I haven’t watched much college basketball this season (I’m more interested in the NBA). When I tuned in for March Madness last week, one aspect of the college game jarred me. Often the shooters do not get set—balanced evenly on their feet—before shooting. They are fading away from the basket, leaning to the left, leaning in, or leaning to the right. As a kid, I was always taught to get set before taking a shot whenever possible. Perhaps along the way, young players are receiving insufficient instruction about the understanding and practice of the fundamentals of the game. Weakness in fundamentals keeps teams from doing other things, such as winning games and advancing in the NCAA Tournament.
There is an analogy in the religious world and in the church. If we are weak on the fundamentals, then we will also be weak in teaching about subjects that are less fundamental but still necessary. Here, I will explain a biblical definition of a fundamental biblical doctrine, and give examples of how a fundamental biblical doctrine implies other biblical doctrines and helps in understanding of doctrines that are less fundamental.
Consider that a biblical doctrine is fundamental because it has many biblical implications and connections. That is, if you believe biblical doctrine w, then you must also believe biblical doctrines x, y and z, and it will be easier for you to understand other biblical doctrines. Let’s consider an example, filling in w, x, y, and z, with biblical doctrines:1
- w: God, the personal Creator of the Universe exists and relates to man (Romans 1:20-21).
- x: Whatever truth this God has revealed to man must be understood and obeyed (Hebrews 5:9).
- y: If God has revealed Himself in the Bible (and He has), then man must obey whatever biblical doctrines are binding on him (2 Peter 1:20-21).
- z: Man is obligated to God to honor his his father and mother (Ephesians 6:2).
Biblical doctrine w is more fundamental than doctrines x, y, and z neither because w is more true than any of the others, nor because w is more necessary to Christian faith or practice than any of the others, but merely because w implies a greater number of truths. W is necessary in order for x, y, and z to be true. Also, an understanding of w makes it possible to understand the others. When a person meets with any of the doctrines w, x, y, or z, he must believe it based on the evidence which also will be presented to him. Yet one of the doctrines is more fundamental than the other three, and is part of the evidence supporting all of the others.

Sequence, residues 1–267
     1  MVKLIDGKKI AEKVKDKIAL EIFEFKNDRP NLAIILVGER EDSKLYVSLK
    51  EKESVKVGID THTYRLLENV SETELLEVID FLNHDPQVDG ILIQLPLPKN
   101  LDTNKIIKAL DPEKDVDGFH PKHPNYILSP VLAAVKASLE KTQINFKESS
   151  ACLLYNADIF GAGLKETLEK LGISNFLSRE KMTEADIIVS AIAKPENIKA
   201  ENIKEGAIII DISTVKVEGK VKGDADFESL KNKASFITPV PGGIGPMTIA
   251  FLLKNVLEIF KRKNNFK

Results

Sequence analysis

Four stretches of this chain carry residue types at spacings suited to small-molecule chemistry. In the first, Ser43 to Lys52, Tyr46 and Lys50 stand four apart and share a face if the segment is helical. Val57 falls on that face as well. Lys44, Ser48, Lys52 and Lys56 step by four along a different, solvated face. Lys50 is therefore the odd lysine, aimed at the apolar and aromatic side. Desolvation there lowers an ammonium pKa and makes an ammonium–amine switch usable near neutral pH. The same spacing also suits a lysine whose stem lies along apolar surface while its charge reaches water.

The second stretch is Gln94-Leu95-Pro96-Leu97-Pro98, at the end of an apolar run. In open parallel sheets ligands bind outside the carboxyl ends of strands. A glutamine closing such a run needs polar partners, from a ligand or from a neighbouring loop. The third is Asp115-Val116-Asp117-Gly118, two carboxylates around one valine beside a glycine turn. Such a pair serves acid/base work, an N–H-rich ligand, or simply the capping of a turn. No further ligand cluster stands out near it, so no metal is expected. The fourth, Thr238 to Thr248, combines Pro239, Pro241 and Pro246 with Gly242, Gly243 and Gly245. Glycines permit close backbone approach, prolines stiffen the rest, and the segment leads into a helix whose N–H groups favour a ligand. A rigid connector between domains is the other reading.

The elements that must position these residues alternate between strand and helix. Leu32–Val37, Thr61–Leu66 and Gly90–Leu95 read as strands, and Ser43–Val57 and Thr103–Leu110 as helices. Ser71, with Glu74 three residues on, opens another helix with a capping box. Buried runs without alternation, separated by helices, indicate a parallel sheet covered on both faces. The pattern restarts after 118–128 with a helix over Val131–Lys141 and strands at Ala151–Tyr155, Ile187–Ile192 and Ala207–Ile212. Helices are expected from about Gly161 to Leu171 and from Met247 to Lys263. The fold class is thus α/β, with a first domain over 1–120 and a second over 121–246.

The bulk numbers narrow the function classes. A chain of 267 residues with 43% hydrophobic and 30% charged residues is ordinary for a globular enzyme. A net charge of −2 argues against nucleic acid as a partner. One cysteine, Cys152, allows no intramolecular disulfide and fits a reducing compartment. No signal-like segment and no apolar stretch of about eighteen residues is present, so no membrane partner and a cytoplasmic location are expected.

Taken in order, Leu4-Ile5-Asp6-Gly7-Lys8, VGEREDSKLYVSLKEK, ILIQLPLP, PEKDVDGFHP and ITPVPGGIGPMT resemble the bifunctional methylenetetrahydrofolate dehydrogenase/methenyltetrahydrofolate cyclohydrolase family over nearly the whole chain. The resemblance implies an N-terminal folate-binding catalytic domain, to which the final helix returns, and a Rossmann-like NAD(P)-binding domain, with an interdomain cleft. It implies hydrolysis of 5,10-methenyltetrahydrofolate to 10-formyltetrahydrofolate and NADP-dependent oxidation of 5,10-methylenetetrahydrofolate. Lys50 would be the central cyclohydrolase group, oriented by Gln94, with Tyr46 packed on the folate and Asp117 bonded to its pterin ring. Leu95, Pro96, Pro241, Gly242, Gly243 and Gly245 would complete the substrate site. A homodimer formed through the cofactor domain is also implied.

It is critical to understand the difference between the fundamentality of a doctrine and the non-negotiability of a doctrine. Those doctrines that are more fundamental are neither more true nor more negotiable than others, but simply have more logical implications for other beliefs. We must insist on the truthfulness of all biblical truth, while acknowledging that these truths stand in various logical relationships to one another.
If we fail to understand the difference between fundamentality and non-negotiability then we may, in emphasizing the need for teaching about fundamentals, unintentionally convey that there are certain “bulls-eye” or “core” biblical doctrines that must be believed, and other biblical doctrines that may be safely denied. This is basically what many in the religious world have done when they have said that belief in the divinity of Jesus is fundamental (read, “essential”), whereas other beliefs, such as beliefs about how one must worship in order to please God, are not fundamental (read, “negotiable”). What a tragic mistake.
We must be strong in the fundamentals in order to be strong in other areas of righteous belief and action. I hope to discuss such fundamental doctrines in subsequent articles.
Notice that, for convenience’s sake, I am not including evidence that would, phrased as stages in an argument, make the reasoning from w to z a properly sound and valid logical deduction. ↩